The walk provides wonderful views of the surrounding area for the residents of Ross Island. We could see large areas of open water in the Ross Sea, a rare sight I am told. Black Island and White Island, to the south, were clearly visible.
As we clambered along the rough path we came across a group of seven young Adelie penguins, gathered just off to our right, barely noticeable against the snow-covered black scoria. We watched them for as long as we could, before the cold wind coming from the South Pole got the better of us and we continued on to McMurdo for a warm drink.
Jane, Thursday, February 11th, 2010
Windspeed: 8 Knots
Temp with wind chill: -16°C
My first view of Antarctica was when the back door of the US Air Force C 17 plane opened on Pegasus air field on the frozen Ross Sea. The back of the plane opened up completely to two large yellow bulldozers - not what I expected! They were getting ready to unload the cargo I had been facing on the long flight down to the Ice (given that it is a military plane, passengers and cargo are all mixed in together). The cold air came rushing in but the Extreme Cold Weather Clothing (ECWs) we were issued with in Christchurch kept me nice and warm.
I finally had a proper view when I stepped off the plane. I saw a pristine landscape of picturesque snow-covered mountains and clear blue skies. I didn’t have too much time to take it all in as I was quickly ushered, with my three new colleagues, onto ‘Ivan the Terra Bus’ for the 45 minute drive to Scott Base. We were really excited to see our first Emperor penguins on the journey, even if they were a bit lost! On arrival at Scott base (NZ’s science base), we had a safety briefing and a tour followed by a much anticipated look around outside.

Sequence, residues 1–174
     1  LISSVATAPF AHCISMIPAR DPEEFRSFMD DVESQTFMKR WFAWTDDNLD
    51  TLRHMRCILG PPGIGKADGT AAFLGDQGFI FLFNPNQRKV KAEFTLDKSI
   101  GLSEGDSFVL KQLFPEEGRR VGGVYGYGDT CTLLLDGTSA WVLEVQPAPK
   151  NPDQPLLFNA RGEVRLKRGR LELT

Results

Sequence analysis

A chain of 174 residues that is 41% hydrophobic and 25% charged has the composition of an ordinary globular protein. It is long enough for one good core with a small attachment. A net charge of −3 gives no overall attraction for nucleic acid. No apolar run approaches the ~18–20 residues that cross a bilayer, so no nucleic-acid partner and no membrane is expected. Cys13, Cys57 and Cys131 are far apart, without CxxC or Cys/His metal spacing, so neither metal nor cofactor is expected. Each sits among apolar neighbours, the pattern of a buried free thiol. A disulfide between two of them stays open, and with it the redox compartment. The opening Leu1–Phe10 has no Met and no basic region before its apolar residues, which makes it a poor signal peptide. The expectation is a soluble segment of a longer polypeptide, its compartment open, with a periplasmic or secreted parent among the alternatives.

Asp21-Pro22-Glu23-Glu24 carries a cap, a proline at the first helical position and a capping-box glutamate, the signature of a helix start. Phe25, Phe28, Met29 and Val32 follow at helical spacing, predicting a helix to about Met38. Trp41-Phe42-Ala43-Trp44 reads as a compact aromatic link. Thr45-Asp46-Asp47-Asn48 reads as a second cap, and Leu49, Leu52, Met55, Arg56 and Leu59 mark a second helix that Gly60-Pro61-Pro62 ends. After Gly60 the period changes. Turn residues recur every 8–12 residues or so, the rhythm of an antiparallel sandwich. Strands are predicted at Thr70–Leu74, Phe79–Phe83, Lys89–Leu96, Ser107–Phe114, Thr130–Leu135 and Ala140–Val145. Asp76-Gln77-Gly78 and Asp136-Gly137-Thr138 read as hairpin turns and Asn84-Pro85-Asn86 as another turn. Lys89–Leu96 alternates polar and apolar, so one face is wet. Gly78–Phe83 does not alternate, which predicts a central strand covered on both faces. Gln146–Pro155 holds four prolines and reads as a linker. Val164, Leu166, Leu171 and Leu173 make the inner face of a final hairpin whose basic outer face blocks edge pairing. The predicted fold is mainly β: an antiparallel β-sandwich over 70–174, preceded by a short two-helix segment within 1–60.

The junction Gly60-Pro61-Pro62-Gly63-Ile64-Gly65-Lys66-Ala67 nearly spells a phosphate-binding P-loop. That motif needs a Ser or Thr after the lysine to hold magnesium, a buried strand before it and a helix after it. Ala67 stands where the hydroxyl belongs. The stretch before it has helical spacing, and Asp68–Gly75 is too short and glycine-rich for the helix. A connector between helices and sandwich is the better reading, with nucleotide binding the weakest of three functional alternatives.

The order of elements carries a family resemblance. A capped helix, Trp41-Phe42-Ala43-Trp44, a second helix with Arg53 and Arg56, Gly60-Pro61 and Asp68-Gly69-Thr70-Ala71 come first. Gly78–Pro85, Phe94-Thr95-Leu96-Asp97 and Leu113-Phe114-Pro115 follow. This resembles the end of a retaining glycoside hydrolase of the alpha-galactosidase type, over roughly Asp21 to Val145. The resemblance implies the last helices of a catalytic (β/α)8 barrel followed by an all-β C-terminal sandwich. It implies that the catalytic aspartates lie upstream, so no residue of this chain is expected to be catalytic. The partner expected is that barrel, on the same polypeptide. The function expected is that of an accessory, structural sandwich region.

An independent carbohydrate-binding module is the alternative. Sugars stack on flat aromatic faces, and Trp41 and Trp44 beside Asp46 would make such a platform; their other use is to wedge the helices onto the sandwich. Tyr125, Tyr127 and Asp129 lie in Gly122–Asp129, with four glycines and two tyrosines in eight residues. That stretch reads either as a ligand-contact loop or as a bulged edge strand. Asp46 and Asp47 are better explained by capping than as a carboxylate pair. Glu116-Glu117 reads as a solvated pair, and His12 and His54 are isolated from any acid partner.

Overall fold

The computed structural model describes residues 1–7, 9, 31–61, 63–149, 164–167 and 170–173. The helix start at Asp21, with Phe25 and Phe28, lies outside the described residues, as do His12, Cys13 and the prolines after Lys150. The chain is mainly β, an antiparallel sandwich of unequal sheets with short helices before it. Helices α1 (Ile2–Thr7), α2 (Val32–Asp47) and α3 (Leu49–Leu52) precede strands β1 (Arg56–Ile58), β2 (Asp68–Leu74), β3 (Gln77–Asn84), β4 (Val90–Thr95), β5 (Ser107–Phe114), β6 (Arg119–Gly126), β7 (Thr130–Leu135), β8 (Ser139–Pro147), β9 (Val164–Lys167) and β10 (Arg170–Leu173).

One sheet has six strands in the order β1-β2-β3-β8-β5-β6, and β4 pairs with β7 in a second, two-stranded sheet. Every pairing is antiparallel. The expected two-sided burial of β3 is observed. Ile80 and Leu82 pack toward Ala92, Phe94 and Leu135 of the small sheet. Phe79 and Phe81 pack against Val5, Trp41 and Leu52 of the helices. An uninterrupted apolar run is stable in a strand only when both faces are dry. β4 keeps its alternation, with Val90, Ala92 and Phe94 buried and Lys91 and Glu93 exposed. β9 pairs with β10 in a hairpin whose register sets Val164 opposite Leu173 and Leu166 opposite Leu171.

Lots of seals were sleeping around holes in the sea ice just in front of the base. When the clouds lifted we were also treated to a beautiful view of smoke rising from Mount Erebus.
It was an amazing day, hopefully the first of many during my time on the Ice!
Anna, Thursday, February 12th, 2009
The time has come to say farewell to our surrogate icy continent, and head back to warmer climes. Yup, our 6 months have flown past, and we are now in our final week here in Antarctica, in a hurricane of paperwork, ECWs and teary farewells as we try to tie up our work, pack our gear and welcome the new winter conservators soon to hit our frozen shores.
Our last stint in the field has been extremely successful, and Jana and I are well chuffed with the work we were able to get done out there the past month: conserving the Wardroom stove and flues, the fodder bales, cataloguing all the new artefacts that were uncovered, treating a large whack of artefacts - the list goes on!
Now we depart with a hoard of memories - penguins talking outside our tents all night, the sound of the ice floes crunching against each other with the waves on the beach, the smell of the seals tanning themselves on the shore - such a beautiful bonus to our work.
But by far the most important memory we will be taking is the magnificent experience of having the honour of working on the huts, being given the opportunity to camp at Cape Evans and Royds and experience the spirit of the sites while working, and having the supreme privilege of treating those artefacts that the explorers left behind, that we now appreciate as a memento of their adventures.
We hope you all continue to follow the adventures of our new winter conservators once they get on the ice! Ciao for now!